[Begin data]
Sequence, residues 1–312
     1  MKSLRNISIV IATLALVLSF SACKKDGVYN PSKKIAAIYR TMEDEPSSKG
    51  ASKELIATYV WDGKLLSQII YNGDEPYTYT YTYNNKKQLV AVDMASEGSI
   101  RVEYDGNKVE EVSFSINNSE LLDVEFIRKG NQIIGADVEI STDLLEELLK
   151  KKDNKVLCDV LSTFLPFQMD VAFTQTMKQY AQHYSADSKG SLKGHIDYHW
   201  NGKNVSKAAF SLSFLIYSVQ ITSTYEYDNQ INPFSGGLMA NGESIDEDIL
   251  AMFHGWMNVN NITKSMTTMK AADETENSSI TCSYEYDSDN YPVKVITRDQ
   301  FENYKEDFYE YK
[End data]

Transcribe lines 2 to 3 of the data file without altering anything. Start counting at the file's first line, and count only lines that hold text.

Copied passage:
     1  MKSLRNISIV IATLALVLSF SACKKDGVYN PSKKIAAIYR TMEDEPSSKG
    51  ASKELIATYV WDGKLLSQII YNGDEPYTYT YTYNNKKQLV AVDMASEGSI